New data breach tool hits the ether

It’s not just about trying to avoid a breach — how you respond if, or when, one occurs is high priority. Indeed for organisations in the EU, it is now a matter of law, with the GDPR regulation stipulating a 72 hour window to provide notification of a breach — except under certain conditions.

Now, law firm DAC Beachcroft, has launched an online Breach Response Planner. The tool, which is accessed via an online portal, is designed to enable organisations to prepare for and manage cyber and data breach incidents.

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The planner guides users through a five step process:

• Stage 1: Users designate their organisation’s internal breach team.
• Stage 2: followed by designating those of their external advisors such as legal counsel, IT forensic investigators and communications experts.
• Stage 3: Users can then add the protocols they will follow when responding to the breach, such as the key objectives and the frameworks for classifying the severity of an incident.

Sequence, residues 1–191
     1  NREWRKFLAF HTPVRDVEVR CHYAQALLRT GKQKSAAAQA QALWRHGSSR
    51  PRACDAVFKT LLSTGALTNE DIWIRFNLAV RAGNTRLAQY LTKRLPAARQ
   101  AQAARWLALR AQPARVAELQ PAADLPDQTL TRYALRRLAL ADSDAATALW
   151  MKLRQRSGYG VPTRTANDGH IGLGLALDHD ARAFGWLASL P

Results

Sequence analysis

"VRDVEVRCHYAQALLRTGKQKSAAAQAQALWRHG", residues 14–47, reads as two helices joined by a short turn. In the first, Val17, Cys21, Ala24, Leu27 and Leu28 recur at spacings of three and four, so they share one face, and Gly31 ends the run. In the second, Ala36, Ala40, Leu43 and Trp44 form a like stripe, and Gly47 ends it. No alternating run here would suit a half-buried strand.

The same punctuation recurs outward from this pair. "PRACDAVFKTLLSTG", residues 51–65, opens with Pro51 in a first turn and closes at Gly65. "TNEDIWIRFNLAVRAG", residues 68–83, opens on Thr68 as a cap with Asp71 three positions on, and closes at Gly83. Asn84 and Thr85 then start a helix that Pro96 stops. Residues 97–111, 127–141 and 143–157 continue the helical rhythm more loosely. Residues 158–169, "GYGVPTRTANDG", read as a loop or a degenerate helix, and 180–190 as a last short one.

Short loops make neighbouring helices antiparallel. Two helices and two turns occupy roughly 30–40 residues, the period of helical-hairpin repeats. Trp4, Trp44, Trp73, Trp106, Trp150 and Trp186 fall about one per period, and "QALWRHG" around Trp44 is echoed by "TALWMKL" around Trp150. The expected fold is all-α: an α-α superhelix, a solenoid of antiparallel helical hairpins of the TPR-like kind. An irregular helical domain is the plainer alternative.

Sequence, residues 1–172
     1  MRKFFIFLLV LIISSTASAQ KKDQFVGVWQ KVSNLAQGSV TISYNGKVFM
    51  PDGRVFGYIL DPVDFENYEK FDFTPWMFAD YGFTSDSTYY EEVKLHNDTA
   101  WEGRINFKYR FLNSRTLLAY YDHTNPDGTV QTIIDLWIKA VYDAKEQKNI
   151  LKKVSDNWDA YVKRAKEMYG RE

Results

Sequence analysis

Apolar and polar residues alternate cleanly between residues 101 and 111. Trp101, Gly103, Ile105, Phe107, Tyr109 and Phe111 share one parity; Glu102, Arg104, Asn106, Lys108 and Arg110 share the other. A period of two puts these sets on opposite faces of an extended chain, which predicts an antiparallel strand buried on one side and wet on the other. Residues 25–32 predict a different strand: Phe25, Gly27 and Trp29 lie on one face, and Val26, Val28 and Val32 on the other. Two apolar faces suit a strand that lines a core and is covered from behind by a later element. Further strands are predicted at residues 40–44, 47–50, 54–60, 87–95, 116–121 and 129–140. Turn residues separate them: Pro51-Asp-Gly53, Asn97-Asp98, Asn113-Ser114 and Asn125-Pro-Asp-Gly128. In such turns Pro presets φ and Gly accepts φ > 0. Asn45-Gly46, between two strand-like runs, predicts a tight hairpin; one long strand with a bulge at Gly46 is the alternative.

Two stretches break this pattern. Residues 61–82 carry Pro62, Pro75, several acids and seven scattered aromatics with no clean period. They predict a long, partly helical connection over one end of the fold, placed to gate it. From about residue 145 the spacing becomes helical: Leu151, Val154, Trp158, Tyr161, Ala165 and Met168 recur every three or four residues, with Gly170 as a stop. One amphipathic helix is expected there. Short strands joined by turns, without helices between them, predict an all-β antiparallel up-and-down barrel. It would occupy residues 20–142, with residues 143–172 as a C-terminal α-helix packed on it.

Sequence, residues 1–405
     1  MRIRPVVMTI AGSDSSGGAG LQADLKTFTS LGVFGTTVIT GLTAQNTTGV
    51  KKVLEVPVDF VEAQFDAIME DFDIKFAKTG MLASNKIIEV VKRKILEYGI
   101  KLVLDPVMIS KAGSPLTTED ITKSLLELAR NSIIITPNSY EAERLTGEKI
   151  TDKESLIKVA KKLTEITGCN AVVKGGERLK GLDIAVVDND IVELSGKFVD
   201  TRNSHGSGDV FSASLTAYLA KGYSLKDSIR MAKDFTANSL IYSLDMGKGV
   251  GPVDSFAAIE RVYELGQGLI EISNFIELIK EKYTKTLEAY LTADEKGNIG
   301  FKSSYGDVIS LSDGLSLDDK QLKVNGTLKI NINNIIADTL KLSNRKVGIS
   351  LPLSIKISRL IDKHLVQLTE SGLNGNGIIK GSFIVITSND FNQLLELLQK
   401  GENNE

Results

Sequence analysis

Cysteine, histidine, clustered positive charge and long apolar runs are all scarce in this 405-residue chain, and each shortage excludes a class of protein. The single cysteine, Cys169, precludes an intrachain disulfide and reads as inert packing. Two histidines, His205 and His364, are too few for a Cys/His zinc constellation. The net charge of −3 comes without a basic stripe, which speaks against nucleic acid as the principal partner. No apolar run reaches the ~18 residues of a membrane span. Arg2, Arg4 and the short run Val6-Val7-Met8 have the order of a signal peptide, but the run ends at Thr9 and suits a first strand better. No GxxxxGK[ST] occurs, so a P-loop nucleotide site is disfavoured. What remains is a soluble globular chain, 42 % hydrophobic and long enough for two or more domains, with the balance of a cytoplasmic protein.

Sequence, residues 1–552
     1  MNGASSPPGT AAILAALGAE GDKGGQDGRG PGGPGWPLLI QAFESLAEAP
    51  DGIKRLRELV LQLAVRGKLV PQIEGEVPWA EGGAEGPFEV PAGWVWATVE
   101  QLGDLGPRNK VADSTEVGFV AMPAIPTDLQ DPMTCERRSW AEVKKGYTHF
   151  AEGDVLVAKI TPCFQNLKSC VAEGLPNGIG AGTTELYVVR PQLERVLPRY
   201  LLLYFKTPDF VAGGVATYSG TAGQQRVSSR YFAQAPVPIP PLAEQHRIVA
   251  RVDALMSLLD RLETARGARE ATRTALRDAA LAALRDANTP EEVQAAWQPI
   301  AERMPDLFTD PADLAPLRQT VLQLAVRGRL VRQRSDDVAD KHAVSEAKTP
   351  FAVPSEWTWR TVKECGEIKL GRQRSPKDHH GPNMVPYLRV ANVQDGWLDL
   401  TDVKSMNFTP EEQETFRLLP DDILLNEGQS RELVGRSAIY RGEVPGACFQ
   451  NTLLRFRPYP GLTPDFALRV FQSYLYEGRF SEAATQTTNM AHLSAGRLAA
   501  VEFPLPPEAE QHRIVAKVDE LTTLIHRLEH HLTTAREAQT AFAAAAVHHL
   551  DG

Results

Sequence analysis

• Stage 4: Once protocols are set, users can then determine their plan as to how they will: detect, triage and contain the breach.
• Stage 5: Assess the measures that need to be taken and notify affected parties.

The breach tool includes links to additional supportive material such as a breach severity risk matrix to assess and categorise a breach, a breach incident log, a breach checklist, useful breach scenario case studies, and a summary of the guidance for reporting a breach under the GDPR.

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Hans Allnutt, head of cyber and data risk at DAC Beachcroft, explains: “European data protection regulators recommend that organisations that handle personal data should have a plan in place to respond to security breaches. Our Breach Response Planner helps create that plan. If that organisation then suffers a data breach, all their key stakeholders have immediate access, via the online portal, to the information they need, so that they can respond in a focused, swift and measured manner.”

“Any changes to the plan are made in real time, so it is always up-to-date,” Allnutt adds. “Hosting it on an external server means it can be accessed any time, from anywhere and on any device. This is particularly useful should a firm experience a breach.”

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Michael Baxter

.Michael Baxter is a tech, economic and investment journalist. He has written four books, including iDisrupted and Living in the age of the jerk. He is the editor of and the host of the ESG...